Hunstanton Heating Services

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Hunstanton Beach - - 660702

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Factfile for Hunstanton:

Location of Hunstanton: Norfolk, Eastern England, Eastern England, UK.

Hunstanton Postcode: PE36

Dialling Code for Hunstanton: 01485

Hunstanton Population: 4,961 (Census of 2011)

Ordnance Survey Map Reference for Hunstanton: TF6740

This charming little Victorian seaside resort boasts a couple of distinct attributes: it's the one and only coast town in the region of East Anglia which looks westwards, and it has got about three-quarters of a mile of unique stripy cliffs, that stand about eighteen metres in height. Underneath the cliffs there lie great boulders which have dropped from the cliff, and beyond this is a splendid sand beach, where at low tide water-eroded rocks are revealed, with a great number of sparkling rock pools, great for exploring. These days you will find reminders of its Victorian origins, like the large green, the promenade and the gorgeous esplanade gardens.

The new town developed towards the end of the 19th century, just after the coming of the railway in 1862, separate from the original village now referred to as Old Hunstanton. The local landowners at the time were the Le Strange family (Henry Styleman Le Strange) , and it was the Le Strange family who were essentially involved in the town's growth. Above the distinctive cliffs are the ruins of St Edmund's Chapel, at the place where the King of the Angles, is assumed to have landed in AD 850. In close proximity you'll find a white-painted lighthouse, which can now be rented as a holiday accommodation.

High Street, Hunstanton - - 1458719The 830 foot long Hunstanton Pier opened at Easter, 1870. In eighteen eighty two, the paddle steamer services commenced to Skegness Pier by way of the Wash. In the 1890s a pavilion was added, but this was destroyed by a fire in nineteen thirty nine and was never re-built. Just after the Second World War, the pier played host to a modest zoo and a roller skating rink. A miniature steam train once trundled along the pier, though it was taken away in the 50's.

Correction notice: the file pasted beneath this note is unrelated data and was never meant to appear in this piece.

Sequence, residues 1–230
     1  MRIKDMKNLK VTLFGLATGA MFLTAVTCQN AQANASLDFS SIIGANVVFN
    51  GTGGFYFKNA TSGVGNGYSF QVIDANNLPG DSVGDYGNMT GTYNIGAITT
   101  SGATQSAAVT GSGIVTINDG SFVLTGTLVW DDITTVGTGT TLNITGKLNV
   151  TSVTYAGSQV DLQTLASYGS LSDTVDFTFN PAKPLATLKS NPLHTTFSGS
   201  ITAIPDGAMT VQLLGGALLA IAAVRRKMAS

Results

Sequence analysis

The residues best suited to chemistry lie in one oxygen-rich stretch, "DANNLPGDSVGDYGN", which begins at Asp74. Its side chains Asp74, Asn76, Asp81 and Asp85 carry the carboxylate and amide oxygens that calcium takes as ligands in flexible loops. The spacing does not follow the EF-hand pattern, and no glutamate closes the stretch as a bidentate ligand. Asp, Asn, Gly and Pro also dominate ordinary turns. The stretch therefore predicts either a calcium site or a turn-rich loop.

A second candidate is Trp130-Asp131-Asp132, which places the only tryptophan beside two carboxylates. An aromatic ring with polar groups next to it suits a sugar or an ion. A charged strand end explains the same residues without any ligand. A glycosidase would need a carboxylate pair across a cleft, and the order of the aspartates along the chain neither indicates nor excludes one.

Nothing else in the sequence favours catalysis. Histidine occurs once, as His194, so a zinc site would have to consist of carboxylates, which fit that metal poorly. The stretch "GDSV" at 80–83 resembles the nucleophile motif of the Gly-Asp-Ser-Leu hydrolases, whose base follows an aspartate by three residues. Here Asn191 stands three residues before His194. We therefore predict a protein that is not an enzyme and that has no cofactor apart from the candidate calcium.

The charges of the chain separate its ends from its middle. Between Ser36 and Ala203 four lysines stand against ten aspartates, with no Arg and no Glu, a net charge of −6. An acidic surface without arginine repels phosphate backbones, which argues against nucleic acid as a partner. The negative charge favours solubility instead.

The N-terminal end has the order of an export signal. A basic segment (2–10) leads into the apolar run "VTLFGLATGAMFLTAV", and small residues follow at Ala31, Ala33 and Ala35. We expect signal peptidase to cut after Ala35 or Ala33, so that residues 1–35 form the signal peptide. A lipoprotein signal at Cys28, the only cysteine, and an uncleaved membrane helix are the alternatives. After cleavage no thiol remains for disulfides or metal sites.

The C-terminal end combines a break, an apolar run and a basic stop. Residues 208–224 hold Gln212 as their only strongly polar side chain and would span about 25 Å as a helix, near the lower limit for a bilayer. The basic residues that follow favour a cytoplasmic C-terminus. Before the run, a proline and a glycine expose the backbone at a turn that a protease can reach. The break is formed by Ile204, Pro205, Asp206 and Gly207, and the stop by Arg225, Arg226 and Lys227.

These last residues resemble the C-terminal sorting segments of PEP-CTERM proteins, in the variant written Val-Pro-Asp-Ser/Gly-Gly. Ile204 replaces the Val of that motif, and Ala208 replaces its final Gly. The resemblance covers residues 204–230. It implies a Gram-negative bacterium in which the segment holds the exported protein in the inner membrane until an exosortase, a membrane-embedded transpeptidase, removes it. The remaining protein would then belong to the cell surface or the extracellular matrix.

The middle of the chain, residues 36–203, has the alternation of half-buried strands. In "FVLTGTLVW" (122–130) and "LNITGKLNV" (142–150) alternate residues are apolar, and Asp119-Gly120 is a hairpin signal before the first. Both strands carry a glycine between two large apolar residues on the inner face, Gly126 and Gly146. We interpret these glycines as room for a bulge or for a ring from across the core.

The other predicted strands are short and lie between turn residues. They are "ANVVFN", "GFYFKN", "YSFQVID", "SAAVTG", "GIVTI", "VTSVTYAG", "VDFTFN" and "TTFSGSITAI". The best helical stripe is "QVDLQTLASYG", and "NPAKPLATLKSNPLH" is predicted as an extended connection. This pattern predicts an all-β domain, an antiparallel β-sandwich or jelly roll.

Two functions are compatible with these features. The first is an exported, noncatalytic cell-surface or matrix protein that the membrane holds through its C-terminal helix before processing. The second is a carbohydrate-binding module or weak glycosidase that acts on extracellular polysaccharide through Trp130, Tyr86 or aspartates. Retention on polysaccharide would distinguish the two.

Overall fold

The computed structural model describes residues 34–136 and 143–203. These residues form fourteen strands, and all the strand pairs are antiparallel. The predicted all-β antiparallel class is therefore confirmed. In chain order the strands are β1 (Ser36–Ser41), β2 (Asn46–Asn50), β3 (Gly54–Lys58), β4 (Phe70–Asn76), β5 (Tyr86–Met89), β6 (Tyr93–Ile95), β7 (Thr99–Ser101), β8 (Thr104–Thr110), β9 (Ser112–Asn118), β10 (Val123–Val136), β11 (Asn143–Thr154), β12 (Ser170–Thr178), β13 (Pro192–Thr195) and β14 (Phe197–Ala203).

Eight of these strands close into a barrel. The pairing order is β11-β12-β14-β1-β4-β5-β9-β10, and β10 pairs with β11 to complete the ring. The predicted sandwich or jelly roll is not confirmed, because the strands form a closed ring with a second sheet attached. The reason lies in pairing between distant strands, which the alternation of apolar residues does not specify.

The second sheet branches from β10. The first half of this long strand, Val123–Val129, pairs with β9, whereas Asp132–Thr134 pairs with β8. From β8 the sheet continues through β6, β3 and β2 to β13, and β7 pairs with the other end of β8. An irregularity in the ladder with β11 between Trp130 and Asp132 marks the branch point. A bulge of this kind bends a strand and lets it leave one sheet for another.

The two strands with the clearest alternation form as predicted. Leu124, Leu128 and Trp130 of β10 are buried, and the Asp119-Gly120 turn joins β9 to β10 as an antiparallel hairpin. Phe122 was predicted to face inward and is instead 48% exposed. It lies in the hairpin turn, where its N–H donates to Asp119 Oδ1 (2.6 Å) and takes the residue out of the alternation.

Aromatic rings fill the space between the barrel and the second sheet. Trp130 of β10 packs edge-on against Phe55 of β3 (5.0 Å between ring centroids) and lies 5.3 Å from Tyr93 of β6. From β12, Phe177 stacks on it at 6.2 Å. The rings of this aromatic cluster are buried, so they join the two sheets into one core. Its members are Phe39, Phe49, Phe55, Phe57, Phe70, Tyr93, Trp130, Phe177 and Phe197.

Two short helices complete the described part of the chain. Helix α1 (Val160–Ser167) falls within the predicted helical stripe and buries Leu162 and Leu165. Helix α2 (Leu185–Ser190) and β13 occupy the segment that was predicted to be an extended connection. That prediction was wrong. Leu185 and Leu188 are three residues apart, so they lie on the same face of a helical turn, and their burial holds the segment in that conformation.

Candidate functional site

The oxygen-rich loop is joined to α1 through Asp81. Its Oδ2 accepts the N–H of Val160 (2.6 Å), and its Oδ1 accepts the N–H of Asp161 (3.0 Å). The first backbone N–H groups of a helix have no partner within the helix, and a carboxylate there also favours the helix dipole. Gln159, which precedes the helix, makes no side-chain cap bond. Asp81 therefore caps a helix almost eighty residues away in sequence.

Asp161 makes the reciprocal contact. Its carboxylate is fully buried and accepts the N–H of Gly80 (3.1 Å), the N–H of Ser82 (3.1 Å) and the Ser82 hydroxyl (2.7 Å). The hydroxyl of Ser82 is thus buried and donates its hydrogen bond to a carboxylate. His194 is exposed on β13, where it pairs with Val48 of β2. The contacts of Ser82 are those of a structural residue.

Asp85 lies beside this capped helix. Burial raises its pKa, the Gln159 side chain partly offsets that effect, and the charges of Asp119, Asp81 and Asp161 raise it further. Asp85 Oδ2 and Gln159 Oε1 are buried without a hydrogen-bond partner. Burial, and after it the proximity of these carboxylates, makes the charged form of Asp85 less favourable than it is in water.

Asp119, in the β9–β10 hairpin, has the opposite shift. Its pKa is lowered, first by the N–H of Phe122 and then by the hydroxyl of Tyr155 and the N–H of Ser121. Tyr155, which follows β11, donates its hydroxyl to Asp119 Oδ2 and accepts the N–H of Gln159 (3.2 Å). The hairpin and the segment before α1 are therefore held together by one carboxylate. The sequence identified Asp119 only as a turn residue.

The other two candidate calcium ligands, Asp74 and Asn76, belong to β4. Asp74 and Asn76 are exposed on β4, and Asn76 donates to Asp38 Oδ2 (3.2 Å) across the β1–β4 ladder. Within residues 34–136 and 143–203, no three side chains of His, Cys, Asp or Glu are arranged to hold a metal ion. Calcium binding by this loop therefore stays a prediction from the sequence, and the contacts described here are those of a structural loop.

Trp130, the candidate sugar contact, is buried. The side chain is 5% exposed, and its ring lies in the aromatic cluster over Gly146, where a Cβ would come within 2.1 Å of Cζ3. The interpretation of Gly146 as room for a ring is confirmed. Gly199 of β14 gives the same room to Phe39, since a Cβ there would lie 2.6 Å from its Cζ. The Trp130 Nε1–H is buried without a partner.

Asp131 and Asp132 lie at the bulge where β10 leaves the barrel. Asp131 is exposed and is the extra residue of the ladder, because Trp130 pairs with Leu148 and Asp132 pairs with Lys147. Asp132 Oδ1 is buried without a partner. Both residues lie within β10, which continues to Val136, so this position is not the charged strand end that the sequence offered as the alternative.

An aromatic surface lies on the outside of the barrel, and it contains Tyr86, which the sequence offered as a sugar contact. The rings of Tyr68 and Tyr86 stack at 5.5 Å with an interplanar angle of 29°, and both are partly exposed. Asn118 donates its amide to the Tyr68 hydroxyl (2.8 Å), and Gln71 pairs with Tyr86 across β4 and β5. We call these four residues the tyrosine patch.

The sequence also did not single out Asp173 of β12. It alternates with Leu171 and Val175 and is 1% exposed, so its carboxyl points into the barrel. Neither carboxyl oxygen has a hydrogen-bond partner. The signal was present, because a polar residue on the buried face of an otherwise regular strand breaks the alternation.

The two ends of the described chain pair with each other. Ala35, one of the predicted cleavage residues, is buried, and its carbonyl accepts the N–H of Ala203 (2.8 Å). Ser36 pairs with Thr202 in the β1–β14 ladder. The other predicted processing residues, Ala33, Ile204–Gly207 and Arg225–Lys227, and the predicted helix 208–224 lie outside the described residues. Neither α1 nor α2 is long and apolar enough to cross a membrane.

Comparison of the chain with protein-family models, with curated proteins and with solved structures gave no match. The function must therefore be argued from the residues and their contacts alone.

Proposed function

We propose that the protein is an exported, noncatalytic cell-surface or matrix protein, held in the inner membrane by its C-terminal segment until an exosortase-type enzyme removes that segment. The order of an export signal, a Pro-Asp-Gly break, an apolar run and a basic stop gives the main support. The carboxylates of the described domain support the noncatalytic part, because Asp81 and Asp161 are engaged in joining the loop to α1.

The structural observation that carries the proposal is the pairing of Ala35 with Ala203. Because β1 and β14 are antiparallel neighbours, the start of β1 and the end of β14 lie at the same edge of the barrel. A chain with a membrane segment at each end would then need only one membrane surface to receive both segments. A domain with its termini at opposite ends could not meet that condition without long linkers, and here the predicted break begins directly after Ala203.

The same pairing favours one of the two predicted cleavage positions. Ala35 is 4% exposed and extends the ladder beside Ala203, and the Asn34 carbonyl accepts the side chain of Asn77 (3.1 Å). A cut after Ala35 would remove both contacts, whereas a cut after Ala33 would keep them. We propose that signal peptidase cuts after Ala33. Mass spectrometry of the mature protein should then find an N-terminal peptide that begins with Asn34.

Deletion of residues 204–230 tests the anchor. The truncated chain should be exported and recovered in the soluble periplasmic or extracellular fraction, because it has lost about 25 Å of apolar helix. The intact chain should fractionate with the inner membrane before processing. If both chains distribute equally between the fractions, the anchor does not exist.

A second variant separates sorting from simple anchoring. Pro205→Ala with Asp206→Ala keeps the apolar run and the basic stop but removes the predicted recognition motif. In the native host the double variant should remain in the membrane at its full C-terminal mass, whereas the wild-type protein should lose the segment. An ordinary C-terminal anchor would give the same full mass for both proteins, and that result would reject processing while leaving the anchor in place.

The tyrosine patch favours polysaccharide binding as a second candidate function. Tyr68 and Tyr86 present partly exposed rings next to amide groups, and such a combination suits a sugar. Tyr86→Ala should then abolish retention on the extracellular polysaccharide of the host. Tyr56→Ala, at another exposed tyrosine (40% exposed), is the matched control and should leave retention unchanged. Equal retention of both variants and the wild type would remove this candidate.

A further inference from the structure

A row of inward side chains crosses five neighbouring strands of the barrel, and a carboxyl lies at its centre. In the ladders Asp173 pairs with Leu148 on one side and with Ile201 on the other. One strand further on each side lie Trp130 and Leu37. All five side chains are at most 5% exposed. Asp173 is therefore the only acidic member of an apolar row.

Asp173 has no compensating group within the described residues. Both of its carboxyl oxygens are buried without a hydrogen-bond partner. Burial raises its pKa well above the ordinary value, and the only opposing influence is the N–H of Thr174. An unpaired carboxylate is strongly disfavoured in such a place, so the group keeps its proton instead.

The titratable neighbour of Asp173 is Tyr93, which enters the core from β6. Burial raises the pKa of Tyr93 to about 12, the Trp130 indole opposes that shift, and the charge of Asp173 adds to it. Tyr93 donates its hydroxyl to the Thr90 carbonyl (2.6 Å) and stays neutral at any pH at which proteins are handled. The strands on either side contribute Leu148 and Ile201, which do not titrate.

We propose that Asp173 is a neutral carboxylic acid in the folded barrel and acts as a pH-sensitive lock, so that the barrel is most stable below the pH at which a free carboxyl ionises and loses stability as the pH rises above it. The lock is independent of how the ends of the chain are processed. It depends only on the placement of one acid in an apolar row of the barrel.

The seaward end of Hunstanton Pier soon fell into disuse but, towards the shoreward part, an amusement building (replacing an older arcade and cafe) was put up in 1964. In the winter of nineteen seventy eight, a terrific storm demolished most of the pier and the council took off a section at the end just a few weeks later. The land end arcade endured, in spite of this, in 2002, the whole building, along with the remains of the pier, were destroyed by fire. Nowadays, a fresh new bowling alley complex and arcade stands on the site, and despite the fact that the building is still recognised locally as the 'Pier', there is effectively little left of what was previously the historic landmark. Boating enthusiasts can use two concrete boat ramps from the promenade to the beach, one, which is for sailing yachts, is to the north of the pier, the second, for powerboats, is towards the southern part of the seafront promenade. There are powerboat and yachting clubs, and furthermore certain waterskiing tournaments take place there. To the south of the pier the beach is defended by groynes, these are covered at high tide and marked by high poles with baskets on top. The sea fishing is also great here, with bass, silver-eels, flounders and dabs in abundant supply. When visiting you could take a boat trip to Seal Island, strip of sand located in out in The Wash where you could very well find common seals basking at low tide. In actual fact The Wash boasts the highest population of common seals on earth.

The Historical Past of Hunstanton: Hunstanton is a nineteenth century holiday resort town, first of all called New Hunstanton to discern it from the adjacent older village from which it took its name. This new town has for a very long time eclipsed Old Hunstanton in both the number of habitants and proportions.